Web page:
Why a good-better-best pricing strategy could be for your small businessSol Dolor
A recent Peloton product launch reminded me about good-better-best pricing strategy, and why the strategy could be for your small business.
For those who do not know, Peloton makes exercise equipment. They became famous for their stationary bike, and the experience that goes along with using it. You see, the company also makes the media that people who exercise on their machines consume while working out.
The company has expanded its line to include a treadmill. In the latest announcement, the company further enlarged its product line.
Peloton tries good-better-best pricing
Earlier this month, Peloton introduced two products to the world. There’s the cheaper treadmill, called the Tread, which will be available starting early next year. They also debuted a more expensive bike, called the Bike+. It is now available in the US, Canada, the UK and Germany.
Consequently, the company is now calling their original Peloton Tread the Tread+. The original Peloton Bike is still called that, but is now selling for at a cheaper price. Here is the product lineup and its price points:
- The original Peloton Bike ($1,895)
- The new Peloton Bike+ ($2,495)
- The new Peloton Tread ($2,495)
- The renamed Peloton Tread+ ($4,295)
As you would expect, the Bike+ and the Tread+ offers additional features to justify their price. In effect, the company has effectively moved into somewhat good-better-best pricing model. This is sometimes called tiered pricing.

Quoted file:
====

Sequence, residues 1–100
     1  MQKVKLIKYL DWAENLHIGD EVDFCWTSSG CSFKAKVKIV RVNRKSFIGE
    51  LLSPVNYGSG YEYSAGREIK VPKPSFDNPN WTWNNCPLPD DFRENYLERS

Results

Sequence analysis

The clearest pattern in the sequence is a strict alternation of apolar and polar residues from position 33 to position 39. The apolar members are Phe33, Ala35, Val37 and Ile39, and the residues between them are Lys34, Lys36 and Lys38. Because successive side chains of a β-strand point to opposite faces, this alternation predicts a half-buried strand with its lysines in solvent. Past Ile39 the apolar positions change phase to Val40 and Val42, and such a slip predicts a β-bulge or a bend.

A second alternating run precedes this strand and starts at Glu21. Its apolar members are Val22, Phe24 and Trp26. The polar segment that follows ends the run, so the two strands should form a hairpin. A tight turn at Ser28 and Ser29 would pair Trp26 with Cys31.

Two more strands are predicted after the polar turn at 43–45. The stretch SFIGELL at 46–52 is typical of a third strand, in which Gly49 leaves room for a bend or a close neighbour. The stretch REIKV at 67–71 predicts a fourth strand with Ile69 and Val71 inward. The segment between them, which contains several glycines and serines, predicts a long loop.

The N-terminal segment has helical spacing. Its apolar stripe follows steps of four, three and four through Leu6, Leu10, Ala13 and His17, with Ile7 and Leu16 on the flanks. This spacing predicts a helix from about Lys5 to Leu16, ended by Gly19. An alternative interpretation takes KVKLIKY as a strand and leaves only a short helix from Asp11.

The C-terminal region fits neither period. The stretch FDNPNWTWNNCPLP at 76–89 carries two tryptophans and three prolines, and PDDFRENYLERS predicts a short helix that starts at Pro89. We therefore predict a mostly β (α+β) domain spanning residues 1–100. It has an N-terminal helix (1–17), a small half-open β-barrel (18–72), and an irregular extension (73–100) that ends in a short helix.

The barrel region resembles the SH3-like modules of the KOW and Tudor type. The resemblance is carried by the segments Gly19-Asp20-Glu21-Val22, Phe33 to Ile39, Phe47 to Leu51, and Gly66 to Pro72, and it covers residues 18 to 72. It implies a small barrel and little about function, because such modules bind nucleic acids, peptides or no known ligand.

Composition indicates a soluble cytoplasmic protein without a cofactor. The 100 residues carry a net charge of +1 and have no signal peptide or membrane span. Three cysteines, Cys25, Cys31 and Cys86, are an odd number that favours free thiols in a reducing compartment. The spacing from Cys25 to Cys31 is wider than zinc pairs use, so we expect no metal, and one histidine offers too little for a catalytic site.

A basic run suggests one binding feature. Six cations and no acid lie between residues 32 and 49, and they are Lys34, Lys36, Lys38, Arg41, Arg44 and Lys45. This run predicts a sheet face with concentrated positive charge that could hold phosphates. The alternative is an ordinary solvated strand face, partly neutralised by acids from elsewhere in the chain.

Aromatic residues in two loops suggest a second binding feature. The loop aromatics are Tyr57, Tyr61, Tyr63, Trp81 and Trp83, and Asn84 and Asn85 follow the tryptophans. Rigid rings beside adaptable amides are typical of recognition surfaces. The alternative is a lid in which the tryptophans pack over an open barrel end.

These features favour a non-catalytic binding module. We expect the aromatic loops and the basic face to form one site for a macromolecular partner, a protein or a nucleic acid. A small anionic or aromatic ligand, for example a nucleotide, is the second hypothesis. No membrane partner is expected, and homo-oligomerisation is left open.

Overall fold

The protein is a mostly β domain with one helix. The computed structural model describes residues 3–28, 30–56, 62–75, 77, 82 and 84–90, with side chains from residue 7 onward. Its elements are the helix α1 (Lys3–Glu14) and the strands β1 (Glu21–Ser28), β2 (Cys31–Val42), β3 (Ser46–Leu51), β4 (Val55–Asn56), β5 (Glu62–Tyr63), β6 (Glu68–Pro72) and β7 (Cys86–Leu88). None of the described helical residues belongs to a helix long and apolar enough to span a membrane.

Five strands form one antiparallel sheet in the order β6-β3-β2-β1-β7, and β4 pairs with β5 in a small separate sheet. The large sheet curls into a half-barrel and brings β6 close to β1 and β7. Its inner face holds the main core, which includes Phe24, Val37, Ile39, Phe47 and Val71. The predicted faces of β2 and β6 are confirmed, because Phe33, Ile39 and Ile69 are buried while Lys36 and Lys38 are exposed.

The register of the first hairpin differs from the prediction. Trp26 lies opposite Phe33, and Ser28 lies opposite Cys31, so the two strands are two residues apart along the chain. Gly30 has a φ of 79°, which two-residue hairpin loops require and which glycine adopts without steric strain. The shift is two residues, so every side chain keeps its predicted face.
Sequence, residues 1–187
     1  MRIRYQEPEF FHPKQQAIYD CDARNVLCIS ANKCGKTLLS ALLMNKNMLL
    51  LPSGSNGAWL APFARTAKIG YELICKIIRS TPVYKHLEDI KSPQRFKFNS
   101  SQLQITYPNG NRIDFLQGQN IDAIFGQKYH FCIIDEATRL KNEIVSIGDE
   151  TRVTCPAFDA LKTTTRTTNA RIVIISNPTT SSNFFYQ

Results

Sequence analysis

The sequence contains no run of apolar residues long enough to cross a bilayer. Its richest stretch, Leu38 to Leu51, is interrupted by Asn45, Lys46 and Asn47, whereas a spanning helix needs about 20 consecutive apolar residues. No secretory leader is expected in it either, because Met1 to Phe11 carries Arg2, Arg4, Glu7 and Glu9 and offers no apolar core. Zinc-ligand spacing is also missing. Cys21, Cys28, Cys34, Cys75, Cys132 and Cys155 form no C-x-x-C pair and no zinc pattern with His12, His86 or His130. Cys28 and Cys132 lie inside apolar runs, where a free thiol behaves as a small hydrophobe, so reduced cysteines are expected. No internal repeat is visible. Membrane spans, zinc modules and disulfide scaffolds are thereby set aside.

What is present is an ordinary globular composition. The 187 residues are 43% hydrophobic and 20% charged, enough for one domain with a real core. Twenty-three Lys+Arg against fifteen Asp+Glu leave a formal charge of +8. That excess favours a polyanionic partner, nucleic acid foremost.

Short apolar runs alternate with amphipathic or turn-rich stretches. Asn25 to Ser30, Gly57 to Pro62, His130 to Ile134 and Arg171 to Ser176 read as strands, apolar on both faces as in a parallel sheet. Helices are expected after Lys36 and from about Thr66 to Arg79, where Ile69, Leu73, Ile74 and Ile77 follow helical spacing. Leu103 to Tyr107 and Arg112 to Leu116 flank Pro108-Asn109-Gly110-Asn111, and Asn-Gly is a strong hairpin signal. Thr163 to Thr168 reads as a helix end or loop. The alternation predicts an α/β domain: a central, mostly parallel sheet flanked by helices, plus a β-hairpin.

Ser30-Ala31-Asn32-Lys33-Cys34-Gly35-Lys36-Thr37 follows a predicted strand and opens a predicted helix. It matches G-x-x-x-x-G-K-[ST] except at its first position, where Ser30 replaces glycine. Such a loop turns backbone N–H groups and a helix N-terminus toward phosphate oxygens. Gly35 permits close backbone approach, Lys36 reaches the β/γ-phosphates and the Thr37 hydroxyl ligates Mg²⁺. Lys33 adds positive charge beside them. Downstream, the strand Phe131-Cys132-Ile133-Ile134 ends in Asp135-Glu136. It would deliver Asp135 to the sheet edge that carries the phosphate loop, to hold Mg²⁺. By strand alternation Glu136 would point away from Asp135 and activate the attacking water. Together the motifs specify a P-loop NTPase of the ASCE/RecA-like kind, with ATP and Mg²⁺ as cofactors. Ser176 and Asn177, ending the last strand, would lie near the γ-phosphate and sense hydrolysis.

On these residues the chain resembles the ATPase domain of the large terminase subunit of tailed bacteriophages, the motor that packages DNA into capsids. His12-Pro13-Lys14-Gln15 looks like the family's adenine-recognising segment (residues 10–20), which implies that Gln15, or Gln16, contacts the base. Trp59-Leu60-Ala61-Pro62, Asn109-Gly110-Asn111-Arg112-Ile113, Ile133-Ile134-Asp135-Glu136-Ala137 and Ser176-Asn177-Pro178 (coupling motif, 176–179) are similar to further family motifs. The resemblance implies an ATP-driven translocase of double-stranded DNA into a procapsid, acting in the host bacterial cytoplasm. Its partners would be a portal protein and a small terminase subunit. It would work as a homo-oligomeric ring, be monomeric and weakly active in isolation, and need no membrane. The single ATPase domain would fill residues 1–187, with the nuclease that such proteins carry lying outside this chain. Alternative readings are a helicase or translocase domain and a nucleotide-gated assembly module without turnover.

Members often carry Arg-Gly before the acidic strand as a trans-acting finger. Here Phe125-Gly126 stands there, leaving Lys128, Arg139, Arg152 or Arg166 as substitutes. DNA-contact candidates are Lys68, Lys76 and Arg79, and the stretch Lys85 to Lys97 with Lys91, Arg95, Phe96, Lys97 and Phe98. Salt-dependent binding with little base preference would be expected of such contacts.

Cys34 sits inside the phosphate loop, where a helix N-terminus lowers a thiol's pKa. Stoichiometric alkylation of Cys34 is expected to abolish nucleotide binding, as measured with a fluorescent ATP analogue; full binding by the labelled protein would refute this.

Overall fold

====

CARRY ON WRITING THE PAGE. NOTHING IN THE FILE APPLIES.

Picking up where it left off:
This got me thinking a bit more about this strategy, and how it can level up your business. Here are lessons entrepreneurs can learn from this pricing strategy.
Making your product more accessible
The good-better-best pricing strategy also allows you to make your product more accessible to your clients. Use the lowest-end of your pricing structure to bring in customers. Consider this as one pillar for your customer acquisition plan. Then, you can implement a customer ascension plan to cultivate those customers to become repeat customers who may buy more expensive products from your product line. Read this to learn why entrepreneurs must develop those two plans, as well as one more, to create a thriving business.
Increasing profit margins and prestige
Good-better-best pricing also allows you to increase profit margins at the higher-end your tiered pricing. Because you got the lower end covered by your “good” and “better” priced offerings, your “best” tier can be a higher-margin category for your business. Offering something premium, and making sure that experience lives up to its promise, uplifts the whole brand through the Halo Effect.
Appealing to various types of customers
There are always going to be different types of customers for your business. Even for the business that has a precise idea of what clients it wants, those clients will still have different sensitivities to pricing and added features. Offering more than one choice through good-better-best pricing, with different features to boot, lets these customers choose what works best for them.
Making consumer psychology work for you
The good-better-best pricing strategy also allows you to make consumer psychology work for you.
First, it can make your product line easier to understand. In other words, you can used tiered pricing to unbundle product features. In turn, that can make it simpler for potential customers to understand what exactly you offer and judge what features they need.
Second, a higher price can actually tempt customers into buying a product. Consider an experiment shared by MIT professor William Poundstone in his book Priceless: The Myth of Fair Value. Asked what beer among two they would prefer, people choose the more expensive option 80% of the time. Out of three, they will select the middle-priced option 85% of the time.
Thirdly, creating different tiers produces a mental shift. Rather than thinking about “buying” and “not buying” for too long, that decision is made quickly. The focus then turns into looking for the best value.